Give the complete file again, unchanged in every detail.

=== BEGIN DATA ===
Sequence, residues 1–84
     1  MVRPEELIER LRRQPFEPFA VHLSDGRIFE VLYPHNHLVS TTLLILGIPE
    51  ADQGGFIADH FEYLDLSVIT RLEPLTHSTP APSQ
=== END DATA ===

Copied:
Sequence, residues 1–84
     1  MVRPEELIER LRRQPFEPFA VHLSDGRIFE VLYPHNHLVS TTLLILGIPE
    51  ADQGGFIADH FEYLDLSVIT RLEPLTHSTP APSQ